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Ten Speed Press was and is a great outfit - I'm on my second copy of The Moosewood Cookbook.

I MUST find that "Volkswagen idiot book" mentioned above. My sister and her husband have a 1970s Westfalia camper van (bright orange "bus" with the canvas pop top, named George) which gets a lot of tinkering and TLC. They understand my bike obsession, without actually sharing it
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Old 05-22-09, 05:01 AM   #9
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My how the times have changed. I recall the cartoon of a person on a bike with a cop. There was a bulge in one of the handlebars. Said the person: "Yes sir, officer. It's the latest thing! Tuck and Roll handlebars!"

Today this would get your book burned and a SWAT-Team flying through your windows. Many places at least.

That was my favorite book for many years. I didn't learn a lot from it - but I loved his writing style.
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Old 05-22-09, 05:18 AM   #10
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Ten Speed Press was and is a great outfit - I'm on my second copy of The Moosewood Cookbook.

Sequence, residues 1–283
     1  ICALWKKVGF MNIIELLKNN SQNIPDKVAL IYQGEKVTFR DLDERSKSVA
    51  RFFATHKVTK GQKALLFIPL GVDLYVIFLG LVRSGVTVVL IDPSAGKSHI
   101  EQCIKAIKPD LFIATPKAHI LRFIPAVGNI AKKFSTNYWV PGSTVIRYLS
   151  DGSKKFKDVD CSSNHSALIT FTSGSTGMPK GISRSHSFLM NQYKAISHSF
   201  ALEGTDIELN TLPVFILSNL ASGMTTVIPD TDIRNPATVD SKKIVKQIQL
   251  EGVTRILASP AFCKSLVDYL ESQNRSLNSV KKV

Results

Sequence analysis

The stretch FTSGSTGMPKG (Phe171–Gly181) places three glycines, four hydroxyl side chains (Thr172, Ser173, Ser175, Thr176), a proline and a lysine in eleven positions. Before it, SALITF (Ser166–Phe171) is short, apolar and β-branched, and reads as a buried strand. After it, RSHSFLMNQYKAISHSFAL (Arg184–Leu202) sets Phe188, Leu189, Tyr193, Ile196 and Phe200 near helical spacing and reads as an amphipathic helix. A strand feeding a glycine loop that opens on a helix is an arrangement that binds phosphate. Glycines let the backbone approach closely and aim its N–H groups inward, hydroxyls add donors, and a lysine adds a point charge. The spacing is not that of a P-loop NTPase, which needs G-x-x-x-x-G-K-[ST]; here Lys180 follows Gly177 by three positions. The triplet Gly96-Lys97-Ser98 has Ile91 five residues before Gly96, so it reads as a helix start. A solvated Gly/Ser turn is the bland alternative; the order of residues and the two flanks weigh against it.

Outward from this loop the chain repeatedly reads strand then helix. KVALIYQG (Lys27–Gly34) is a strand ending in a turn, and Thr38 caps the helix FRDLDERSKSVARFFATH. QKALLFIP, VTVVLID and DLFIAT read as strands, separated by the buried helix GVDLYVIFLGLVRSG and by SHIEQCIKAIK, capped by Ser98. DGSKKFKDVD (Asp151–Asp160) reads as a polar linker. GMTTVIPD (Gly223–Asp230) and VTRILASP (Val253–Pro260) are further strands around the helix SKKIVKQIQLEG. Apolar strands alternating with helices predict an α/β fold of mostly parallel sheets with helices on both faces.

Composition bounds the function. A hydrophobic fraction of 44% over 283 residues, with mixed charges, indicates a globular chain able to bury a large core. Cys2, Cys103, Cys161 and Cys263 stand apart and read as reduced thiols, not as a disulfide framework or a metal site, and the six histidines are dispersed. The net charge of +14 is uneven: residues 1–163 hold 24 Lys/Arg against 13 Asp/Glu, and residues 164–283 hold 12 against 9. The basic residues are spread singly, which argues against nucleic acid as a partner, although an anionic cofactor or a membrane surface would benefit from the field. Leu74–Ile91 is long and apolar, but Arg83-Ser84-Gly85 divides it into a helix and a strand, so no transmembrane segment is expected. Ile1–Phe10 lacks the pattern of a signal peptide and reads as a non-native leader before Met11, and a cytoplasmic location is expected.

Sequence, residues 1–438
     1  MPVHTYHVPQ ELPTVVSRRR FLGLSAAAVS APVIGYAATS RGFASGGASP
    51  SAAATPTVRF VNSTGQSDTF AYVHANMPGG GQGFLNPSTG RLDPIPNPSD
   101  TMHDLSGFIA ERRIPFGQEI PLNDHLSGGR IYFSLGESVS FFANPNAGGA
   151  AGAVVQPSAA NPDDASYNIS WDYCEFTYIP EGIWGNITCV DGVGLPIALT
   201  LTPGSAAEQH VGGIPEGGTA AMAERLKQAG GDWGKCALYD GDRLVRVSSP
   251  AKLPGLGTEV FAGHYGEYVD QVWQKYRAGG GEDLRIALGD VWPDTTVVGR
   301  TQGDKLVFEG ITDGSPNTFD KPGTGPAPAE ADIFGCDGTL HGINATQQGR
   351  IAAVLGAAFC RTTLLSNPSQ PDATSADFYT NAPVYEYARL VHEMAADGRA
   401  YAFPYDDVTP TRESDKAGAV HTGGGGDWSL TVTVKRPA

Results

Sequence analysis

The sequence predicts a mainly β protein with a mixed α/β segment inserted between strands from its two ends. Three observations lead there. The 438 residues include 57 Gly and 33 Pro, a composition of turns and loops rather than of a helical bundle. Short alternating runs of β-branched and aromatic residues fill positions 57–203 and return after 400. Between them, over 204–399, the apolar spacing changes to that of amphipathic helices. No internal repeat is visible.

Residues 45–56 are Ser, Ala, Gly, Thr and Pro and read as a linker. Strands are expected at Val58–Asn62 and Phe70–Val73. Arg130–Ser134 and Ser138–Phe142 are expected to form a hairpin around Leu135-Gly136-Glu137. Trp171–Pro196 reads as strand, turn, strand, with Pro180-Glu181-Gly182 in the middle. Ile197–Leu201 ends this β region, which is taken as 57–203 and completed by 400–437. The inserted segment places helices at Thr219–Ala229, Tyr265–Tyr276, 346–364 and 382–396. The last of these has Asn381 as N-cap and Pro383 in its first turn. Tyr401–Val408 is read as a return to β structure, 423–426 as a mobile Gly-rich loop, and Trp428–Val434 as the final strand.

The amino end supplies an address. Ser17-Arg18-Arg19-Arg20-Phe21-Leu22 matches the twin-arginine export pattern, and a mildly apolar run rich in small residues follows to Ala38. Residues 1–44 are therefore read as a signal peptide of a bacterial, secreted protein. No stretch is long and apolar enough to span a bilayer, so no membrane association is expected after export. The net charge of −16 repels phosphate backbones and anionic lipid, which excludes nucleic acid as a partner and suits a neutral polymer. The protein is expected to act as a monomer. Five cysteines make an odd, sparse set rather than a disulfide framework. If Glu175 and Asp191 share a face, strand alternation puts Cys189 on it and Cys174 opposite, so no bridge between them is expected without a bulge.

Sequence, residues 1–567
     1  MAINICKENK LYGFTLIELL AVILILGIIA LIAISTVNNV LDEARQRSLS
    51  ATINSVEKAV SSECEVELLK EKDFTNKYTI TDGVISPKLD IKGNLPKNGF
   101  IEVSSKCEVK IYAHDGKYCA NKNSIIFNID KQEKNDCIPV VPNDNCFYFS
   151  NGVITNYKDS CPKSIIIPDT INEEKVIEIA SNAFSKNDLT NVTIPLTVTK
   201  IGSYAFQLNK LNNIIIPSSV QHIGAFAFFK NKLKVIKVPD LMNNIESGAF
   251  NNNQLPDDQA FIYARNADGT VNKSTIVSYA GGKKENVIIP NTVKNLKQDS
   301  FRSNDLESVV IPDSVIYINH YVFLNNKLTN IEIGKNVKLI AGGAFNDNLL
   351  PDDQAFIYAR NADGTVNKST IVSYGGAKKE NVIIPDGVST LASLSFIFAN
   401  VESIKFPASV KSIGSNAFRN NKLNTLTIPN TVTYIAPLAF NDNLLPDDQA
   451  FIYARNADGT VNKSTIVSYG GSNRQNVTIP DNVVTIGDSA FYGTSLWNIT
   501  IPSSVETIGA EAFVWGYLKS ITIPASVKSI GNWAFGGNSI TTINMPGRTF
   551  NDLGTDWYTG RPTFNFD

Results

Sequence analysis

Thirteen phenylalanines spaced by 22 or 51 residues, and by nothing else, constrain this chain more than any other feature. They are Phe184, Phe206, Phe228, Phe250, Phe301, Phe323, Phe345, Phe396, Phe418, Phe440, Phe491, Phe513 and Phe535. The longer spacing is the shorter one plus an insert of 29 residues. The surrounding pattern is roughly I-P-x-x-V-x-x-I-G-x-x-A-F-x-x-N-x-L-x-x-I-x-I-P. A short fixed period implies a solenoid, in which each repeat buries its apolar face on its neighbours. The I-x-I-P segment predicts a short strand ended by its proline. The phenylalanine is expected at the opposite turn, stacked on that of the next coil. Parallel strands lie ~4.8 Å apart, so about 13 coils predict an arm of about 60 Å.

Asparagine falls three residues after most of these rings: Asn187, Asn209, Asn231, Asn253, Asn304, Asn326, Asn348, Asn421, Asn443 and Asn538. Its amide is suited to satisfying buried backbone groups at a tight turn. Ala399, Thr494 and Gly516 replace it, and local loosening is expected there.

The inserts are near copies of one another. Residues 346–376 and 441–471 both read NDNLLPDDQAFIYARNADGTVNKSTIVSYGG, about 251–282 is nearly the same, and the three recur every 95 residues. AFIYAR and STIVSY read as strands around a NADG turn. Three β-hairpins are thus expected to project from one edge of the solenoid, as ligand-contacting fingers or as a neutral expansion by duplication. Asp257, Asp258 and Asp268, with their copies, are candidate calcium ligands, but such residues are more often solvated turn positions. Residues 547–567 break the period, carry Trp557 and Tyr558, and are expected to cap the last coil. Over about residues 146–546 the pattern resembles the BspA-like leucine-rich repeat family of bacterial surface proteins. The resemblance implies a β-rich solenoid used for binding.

I MUST find that "Volkswagen idiot book" mentioned above. My sister and her husband have a 1970s Westfalia camper van (bright orange "bus" with the canvas pop top, named George) which gets a lot of tinkering and TLC. They understand my bike obsession, without actually sharing it
Ah yes, How to Keep Your Volkswagen Alive 19 Ed: A Manual of Step-by-Step Procedures for the Compleat Idiot by John Muir. Just search on Amazon for "Volkwagen Compleat Idiot" adn you'll find a number of different editions.
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Old 05-22-09, 05:36 AM   #11
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Ah yes, How to Keep Your Volkswagen Alive 19 Ed: A Manual of Step-by-Step Procedures for the Compleat Idiot by John Muir.
I bought along with a Beetle in 1970, and while the humor is droll and outrageous (as an effective alternative to expensive 5-mph bumpers, he advocated strapping the drivers to the front of their vehicles), the content was excellent and well organized. I learned enough that I was able to get a job as a VW mechanic for several years. Try to get an edition that was clearly typed with a typewriter, rather than the more sanitary typeset ones that came later. He is inordinately fond of the microbus (Typ 2).
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Old 05-22-09, 07:54 AM   #12
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You dissin' my ride?